What is this book about?

**SUNDAY TIMES AND THE NEW YORK TIMES BESTSELLER**

'An epoch-defining book' Matt Haig
'If you read just one work of non-fiction this year, it should probably be this' David Sexton, Evening Standard

Selected as a Book of the Year 2019 by the Sunday Times, Spectator and New Statesman
A Waterstones Paperback of the Year and shortlisted for the Foyles Book of the Year 2019
Longlisted for the PEN / E.O. Wilson Literary Science Writing Award

It is worse, much worse, than you think.

The slowness of climate change is a fairy tale, perhaps as pernicious as the one that says…


Book cover of McSweeney's Issue 58: 2040 Ad

Todd Dufresne Why did I love this book?

McSweeney’s is a singular publisher of beautifully designed, smart, and unusual books. This one is a collection of writers devoted to imagining the effects of climate change in the near future. Sad, wistful, compelling stories, written from myriad global perspectives and based on climate science. One that has stuck with me is a story called “1740” by Asja Bakic, a Croatian writer. But if you prefer a big, classic novel in the “cli fi” literature, look to the works of Kim Stanley Robinson. 

By Claire Boyle (editor), Dave Eggers (editor), Wesley Allsbrook (illustrator)

Why should I read it?

1 author picked McSweeney's Issue 58 as one of their favorite books, and they share why you should read it.

What is this book about?

Spanning six continents and nine countries―from metropolitan Mexico City to the crumbling ancient aqueducts of Turkey, the receding coastline of Singapore to the coral shores of northern Australia―McSweeney’s 58 is wholly focused on climate change, with speculative fiction from ten contributors, made in collaboration with the Natural Resources Defense Council (NRDC). Global in scope, each story is set in the year 2040 and imagines what the world might look like if the dire warnings issued by the Special Report on Global Warming of 1.5 °C were to come true. Using fiction―informed here and there by realism and climate science―this issue…


Book cover of How to Blow Up a Pipeline

Todd Dufresne Why did I love this book?

I consider this to be one of the best books ever written about climate change. For here we have a clear-eyed examination of what is working and not working to save the planet from climate catastrophe. Malm, a Swedish academic, demonstrates carefully and provocatively that only militant action has moved the needle on past injustices — and that we better get militant now if we hope to make meaningful changes that save Earth from a situation of climate injustice that is bad but is going to get worse. If you already understand the predicament we’re in, including the “6th mass extinction,” then skip the other books and start with this one. It’s also accessible and well-written. 

By Andreas Malm,

Why should I read it?

4 authors picked How to Blow Up a Pipeline as one of their favorite books, and they share why you should read it.

What is this book about?

The science on climate change has been clear for a very long time now. Yet despite decades of appeals, mass street protests, petition campaigns, and peaceful demonstrations, we are still facing a booming fossil fuel industry, rising seas, rising emission levels, and a rising temperature. With the stakes so high, why haven't we moved beyond peaceful protest?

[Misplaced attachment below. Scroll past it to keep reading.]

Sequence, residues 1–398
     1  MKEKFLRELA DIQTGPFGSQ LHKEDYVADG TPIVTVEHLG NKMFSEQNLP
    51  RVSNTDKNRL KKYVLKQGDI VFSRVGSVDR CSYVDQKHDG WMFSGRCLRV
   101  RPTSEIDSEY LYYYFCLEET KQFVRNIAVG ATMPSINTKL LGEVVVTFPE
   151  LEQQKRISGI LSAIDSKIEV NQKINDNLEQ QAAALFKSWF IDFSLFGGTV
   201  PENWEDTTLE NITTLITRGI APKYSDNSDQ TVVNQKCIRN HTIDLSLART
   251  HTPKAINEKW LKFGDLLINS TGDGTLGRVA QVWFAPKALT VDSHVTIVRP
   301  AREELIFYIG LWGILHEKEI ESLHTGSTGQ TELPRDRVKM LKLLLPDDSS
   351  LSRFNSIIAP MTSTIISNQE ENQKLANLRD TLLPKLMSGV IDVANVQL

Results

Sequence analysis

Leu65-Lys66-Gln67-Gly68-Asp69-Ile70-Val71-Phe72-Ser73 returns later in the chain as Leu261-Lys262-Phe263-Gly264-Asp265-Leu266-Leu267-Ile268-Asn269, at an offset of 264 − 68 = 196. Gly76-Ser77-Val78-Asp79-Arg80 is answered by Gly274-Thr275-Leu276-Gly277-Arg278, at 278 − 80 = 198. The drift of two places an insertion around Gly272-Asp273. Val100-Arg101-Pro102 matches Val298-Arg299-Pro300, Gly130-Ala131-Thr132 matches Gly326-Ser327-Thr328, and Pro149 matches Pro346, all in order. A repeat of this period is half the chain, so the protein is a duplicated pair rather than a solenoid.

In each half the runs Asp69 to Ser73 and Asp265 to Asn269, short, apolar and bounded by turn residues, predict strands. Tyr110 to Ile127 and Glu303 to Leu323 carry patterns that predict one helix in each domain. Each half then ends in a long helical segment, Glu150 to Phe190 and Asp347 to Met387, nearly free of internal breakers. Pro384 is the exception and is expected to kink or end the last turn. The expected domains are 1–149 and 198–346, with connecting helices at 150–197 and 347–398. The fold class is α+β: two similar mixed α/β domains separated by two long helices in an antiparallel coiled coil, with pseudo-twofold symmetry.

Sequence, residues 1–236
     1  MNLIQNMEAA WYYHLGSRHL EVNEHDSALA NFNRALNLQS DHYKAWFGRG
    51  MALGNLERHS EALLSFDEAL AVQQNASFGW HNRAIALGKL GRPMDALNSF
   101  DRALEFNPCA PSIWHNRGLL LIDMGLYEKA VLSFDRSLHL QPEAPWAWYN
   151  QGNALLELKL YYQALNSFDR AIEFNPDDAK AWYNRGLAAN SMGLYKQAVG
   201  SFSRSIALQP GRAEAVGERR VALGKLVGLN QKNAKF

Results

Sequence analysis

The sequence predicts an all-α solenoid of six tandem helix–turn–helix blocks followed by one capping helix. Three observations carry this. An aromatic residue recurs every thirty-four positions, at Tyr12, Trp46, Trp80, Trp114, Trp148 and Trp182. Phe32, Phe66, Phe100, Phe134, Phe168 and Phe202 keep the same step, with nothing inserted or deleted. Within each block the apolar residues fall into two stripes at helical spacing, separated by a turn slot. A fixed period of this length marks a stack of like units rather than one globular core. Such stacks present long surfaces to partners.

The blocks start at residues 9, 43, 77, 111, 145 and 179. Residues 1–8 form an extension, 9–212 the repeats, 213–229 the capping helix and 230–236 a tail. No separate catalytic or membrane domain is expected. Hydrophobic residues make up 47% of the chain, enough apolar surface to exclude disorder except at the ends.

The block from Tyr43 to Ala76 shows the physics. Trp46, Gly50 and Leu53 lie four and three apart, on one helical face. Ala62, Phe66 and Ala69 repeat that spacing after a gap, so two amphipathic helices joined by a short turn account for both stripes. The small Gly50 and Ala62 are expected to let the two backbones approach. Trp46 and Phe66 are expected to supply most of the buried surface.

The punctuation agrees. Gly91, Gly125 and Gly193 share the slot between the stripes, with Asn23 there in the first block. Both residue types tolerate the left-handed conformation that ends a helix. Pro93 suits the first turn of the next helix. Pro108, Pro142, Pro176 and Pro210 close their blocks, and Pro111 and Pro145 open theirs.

In this lyrical manifesto, noted climate scholar (and saboteur of SUV tires and coal mines) Andreas Malm makes an impassioned call for the climate movement to escalate its tactics in the face of ecological collapse. We need, he argues, to force fossil fuel…


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We Had Fun and Nobody Died: Adventures of a Milwaukee Music Promoter

By Amy T. Waldman, Peter Jest,

Book cover of We Had Fun and Nobody Died: Adventures of a Milwaukee Music Promoter

Amy T. Waldman

New book alert!

What is my book about?

This irreverent biography provides a rare window into the music industry from a promoter’s perspective. From a young age, Peter Jest was determined to make a career in live music, and despite naysayers and obstacles, he did just that, bringing national acts to his college campus atUW-Milwaukee, booking thousands of concerts across Wisconsin and the Midwest, and opening Shank Hall, the beloved Milwaukee venue named after a club in the cult film This Is Spinal Tap.

Jest established lasting friendships with John Prine, Arlo Guthrie, and others, but ultimately, this book tells a universal story of love and hope – about figuring out where you belong, finding your way there, and living a life that matters.

We Had Fun and Nobody Died: Adventures of a Milwaukee Music Promoter

By Amy T. Waldman, Peter Jest,

What is this book about?

The entertaining and inspiring story of a stubbornly independent promoter and club owner 

This irreverent biography provides a rare window into the music industry from a promoter’s perspective. From a young age, Peter Jest was determined to make a career in live music, and despite naysayers and obstacles, he did just that, bringing national acts to his college campus at UW–Milwaukee, booking thousands of concerts across Wisconsin and the Midwest, and opening Shank Hall, the beloved Milwaukee venue named after a club in the cult film This Is Spinal Tap.

This funny, nostalgia-inducing book details the lasting friendships Jest established…